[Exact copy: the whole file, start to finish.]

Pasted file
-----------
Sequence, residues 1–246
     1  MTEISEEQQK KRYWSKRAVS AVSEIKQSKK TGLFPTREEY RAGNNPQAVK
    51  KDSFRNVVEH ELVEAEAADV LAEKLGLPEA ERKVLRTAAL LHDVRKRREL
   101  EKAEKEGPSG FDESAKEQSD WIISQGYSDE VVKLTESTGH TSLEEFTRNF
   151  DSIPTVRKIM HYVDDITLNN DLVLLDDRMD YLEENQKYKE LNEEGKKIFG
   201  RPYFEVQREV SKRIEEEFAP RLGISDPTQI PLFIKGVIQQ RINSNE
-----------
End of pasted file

Sequence, residues 1–246
     1  MTEISEEQQK KRYWSKRAVS AVSEIKQSKK TGLFPTREEY RAGNNPQAVK
    51  KDSFRNVVEH ELVEAEAADV LAEKLGLPEA ERKVLRTAAL LHDVRKRREL
   101  EKAEKEGPSG FDESAKEQSD WIISQGYSDE VVKLTESTGH TSLEEFTRNF
   151  DSIPTVRKIM HYVDDITLNN DLVLLDDRMD YLEENQKYKE LNEEGKKIFG
   201  RPYFEVQREV SKRIEEEFAP RLGISDPTQI PLFIKGVIQQ RINSNE